When I was a younger, I wanted the perfect nose -- one of those small, indistinctive noses that blend into the background of the model's face on a magazine cover. My Italian genetics, however, gave me another type of nose: a little long, a little bumpy, not terribly unpleasant, but definitely ethnic. I've thought about changing it many times, particularly when I started appearing on TV. (We all know the camera adds five pounds, and noses are no exception.) I've resisted the temptation partly because my nose is an integral part of who I am that I don't want to lose, and partly because there's a rebel inside of me who hates to conform to what society says is perfect.
Women in particular seem to be conditioned to spend their entire lives chasing someone else's definition of perfection. The perfect face without wrinkles or prominent features. A body without one dimple of cellulite! Have you ever met any woman without cellulite? The perfect entertaining skills, where you gather the twigs and leaves you'll be gluing together for the table centerpiece prior to preparing a dinner from scratch for twelve. Doesn't everyone own a glue gun? The perfect partner who treats you like a queen, loves your mother and never leaves his dirty socks on the floor. This may all be possible if you were living in a 1950s sitcom, but none of it resembles real life -- not even in the 1950's!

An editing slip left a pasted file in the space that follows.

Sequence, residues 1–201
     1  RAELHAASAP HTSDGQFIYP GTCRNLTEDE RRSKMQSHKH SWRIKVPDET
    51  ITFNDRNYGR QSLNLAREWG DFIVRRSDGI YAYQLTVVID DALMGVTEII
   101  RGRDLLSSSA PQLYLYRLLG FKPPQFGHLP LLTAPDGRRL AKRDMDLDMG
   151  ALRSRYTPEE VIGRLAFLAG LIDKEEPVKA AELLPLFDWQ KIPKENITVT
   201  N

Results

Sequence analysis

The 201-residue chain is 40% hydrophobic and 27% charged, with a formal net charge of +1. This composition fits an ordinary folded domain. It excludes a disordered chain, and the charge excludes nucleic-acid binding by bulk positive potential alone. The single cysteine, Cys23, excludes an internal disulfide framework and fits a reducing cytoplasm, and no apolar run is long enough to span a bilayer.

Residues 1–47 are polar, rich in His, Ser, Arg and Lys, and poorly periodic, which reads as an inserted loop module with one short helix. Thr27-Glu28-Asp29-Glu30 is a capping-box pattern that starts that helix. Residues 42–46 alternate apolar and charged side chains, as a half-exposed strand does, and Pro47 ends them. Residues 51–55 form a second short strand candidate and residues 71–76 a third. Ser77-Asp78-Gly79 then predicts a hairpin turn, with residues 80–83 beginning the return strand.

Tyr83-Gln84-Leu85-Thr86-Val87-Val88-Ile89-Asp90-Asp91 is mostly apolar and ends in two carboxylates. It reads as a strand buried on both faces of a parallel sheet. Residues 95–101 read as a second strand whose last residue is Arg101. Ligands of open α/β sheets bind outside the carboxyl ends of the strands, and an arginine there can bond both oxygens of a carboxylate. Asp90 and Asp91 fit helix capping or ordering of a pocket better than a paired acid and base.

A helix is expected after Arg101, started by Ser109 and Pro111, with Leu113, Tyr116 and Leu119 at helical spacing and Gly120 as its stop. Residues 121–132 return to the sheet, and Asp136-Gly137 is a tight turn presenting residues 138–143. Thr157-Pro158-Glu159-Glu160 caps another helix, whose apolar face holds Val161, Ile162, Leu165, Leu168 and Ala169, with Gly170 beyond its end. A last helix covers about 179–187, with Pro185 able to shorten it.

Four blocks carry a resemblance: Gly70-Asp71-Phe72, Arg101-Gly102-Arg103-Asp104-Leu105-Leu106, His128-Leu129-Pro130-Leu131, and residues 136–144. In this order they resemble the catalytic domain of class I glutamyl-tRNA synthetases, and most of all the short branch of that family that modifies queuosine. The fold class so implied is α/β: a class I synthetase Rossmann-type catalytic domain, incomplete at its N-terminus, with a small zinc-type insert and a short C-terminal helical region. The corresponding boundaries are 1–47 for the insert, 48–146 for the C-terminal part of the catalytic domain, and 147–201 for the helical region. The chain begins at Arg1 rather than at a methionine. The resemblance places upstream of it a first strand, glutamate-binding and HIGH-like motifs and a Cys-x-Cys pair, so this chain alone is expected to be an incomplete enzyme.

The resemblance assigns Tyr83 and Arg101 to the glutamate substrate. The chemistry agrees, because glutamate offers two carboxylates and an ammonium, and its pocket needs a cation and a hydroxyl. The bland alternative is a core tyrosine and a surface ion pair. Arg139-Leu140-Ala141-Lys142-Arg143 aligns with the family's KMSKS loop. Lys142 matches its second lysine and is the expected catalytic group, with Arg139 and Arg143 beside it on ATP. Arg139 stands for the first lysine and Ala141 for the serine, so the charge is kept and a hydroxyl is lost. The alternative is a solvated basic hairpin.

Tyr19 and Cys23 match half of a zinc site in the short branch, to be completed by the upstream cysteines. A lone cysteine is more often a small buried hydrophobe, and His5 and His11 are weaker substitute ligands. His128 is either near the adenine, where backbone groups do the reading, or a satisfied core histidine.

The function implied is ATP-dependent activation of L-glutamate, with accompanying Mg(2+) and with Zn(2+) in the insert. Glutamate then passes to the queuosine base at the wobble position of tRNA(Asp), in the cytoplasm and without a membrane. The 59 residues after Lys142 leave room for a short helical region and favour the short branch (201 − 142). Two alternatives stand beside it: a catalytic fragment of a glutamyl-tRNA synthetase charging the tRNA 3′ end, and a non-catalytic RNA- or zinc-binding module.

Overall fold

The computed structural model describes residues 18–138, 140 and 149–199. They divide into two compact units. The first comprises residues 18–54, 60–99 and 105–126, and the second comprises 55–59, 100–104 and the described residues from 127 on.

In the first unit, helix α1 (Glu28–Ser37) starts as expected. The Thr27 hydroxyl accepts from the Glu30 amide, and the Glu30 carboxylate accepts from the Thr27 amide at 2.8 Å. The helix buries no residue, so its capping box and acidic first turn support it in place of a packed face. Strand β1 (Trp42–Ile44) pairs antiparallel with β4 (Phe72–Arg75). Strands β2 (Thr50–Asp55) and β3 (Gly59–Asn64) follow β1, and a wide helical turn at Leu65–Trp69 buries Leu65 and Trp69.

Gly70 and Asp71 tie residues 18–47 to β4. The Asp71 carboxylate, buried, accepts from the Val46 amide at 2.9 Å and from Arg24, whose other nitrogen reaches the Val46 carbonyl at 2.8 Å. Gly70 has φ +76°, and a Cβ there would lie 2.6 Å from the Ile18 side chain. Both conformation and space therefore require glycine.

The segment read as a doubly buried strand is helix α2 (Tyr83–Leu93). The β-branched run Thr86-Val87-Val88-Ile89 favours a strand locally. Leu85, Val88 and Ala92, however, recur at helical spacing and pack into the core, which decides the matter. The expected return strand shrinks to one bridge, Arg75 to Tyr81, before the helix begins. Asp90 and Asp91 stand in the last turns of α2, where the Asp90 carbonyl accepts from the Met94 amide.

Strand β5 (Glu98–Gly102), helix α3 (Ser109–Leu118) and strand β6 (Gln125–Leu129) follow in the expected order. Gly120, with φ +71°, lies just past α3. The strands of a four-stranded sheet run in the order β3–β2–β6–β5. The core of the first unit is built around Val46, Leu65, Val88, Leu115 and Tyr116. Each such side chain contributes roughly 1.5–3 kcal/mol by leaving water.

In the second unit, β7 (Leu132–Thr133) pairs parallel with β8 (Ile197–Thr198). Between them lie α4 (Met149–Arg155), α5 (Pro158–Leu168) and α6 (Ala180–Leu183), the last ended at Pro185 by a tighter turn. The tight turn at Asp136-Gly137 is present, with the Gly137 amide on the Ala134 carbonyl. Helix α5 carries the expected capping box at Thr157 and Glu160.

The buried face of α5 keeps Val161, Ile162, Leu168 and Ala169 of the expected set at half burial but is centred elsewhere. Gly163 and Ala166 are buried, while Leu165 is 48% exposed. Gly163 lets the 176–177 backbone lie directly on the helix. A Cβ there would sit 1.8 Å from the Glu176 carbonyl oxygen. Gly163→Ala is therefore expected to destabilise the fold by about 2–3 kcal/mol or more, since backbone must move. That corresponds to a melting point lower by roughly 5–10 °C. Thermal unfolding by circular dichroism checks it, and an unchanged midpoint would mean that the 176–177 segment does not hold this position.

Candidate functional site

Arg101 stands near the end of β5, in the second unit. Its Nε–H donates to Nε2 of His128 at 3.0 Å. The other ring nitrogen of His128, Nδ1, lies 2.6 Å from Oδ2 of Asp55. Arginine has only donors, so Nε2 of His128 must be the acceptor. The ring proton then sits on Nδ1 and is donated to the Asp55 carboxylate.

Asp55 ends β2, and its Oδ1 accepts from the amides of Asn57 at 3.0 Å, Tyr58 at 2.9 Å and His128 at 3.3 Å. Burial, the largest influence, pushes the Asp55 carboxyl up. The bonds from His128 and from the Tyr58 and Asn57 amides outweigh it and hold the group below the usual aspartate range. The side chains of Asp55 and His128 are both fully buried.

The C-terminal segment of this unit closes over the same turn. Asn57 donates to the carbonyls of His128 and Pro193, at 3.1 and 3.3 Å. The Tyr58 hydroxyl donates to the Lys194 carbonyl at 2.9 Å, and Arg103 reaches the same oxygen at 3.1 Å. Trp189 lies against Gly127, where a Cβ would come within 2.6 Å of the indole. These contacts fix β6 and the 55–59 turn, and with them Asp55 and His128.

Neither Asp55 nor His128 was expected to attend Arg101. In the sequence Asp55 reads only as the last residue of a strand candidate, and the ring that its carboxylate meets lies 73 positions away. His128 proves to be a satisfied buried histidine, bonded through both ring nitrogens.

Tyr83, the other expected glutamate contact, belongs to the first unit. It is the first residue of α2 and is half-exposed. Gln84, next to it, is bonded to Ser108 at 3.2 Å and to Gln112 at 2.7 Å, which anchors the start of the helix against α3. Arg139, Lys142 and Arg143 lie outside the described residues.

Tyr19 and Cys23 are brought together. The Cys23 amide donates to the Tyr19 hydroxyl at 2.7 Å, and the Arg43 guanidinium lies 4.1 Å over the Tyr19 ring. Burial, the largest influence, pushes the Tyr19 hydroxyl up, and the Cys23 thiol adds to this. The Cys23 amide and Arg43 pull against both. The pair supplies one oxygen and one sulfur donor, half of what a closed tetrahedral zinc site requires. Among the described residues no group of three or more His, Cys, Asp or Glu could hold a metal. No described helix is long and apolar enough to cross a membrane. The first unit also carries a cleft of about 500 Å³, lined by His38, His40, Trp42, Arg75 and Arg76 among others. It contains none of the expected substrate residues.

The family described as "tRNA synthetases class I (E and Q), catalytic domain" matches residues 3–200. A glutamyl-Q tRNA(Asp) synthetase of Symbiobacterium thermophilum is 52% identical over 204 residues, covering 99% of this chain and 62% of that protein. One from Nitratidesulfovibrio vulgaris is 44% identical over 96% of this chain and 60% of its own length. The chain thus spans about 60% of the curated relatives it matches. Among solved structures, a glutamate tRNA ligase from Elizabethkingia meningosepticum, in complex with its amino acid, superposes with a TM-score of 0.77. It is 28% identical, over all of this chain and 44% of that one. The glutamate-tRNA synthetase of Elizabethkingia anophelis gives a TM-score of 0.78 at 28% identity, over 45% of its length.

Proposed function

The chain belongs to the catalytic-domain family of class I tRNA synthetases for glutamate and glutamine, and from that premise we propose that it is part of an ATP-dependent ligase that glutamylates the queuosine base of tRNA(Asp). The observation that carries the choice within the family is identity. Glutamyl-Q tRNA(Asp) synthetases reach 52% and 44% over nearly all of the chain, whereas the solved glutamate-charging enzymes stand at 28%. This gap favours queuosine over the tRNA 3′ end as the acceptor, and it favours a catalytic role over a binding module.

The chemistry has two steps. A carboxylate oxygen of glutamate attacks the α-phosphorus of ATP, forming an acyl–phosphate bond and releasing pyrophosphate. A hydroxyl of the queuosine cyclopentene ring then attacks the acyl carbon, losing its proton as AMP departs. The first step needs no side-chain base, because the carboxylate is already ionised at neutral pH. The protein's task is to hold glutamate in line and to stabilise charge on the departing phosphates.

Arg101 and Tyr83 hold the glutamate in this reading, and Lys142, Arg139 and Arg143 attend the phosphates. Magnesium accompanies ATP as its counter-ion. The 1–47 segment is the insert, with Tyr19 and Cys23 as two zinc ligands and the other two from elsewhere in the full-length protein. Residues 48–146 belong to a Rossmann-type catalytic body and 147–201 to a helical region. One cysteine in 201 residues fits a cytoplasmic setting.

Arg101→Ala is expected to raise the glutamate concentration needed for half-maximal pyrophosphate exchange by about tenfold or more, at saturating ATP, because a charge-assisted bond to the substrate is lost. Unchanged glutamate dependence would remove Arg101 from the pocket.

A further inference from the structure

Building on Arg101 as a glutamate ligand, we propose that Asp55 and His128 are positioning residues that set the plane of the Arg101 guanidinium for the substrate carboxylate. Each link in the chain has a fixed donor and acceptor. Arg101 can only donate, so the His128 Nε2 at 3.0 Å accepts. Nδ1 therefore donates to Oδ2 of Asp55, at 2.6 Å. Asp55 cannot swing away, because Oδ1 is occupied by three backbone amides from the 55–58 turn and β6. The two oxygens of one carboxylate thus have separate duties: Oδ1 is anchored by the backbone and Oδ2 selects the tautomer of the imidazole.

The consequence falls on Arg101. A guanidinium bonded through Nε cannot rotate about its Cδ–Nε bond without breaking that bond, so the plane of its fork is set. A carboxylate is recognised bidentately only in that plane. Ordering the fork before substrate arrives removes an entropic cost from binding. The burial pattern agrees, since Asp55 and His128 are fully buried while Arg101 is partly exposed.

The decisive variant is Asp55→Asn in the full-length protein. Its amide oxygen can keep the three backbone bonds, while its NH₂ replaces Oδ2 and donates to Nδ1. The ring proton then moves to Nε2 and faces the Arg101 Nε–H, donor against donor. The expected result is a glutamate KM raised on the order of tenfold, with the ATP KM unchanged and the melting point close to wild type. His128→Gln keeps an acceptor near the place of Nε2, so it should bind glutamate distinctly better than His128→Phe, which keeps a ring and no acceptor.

Think of perfection as the carrot on the end of a stick mounted to your head. You keep thinking you can grab it if you run hard enough, and sometimes you can get a little taste of it, but it's never enough. You want the whole thing, and even if you get that, right around the corner is another carrot waiting to be chased. You'll grow old and angry chasing perfection. Wouldn't you rather spend time playing with your kids instead of mopping the kitchen floor? Wouldn't you rather look unique instead of like a mannequin? Wouldn't you rather be happy instead of perfect? I know I would, because when you're happy, everything is perfect -- even a long nose.
Here are five ways to stop chasing perfection:
• Redefine reality from what you see in the media to what you see around you in real life.
• Love your unique traits; they make you interesting to others.
• Enjoy and be grateful for everything you are and everything you have, every day.
• If you're doing something for someone else's approval, let it go.
• Adjust expectations of yourself and others based on each person's individual abilities and needs.
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For more by Debbie Gisonni, click here.
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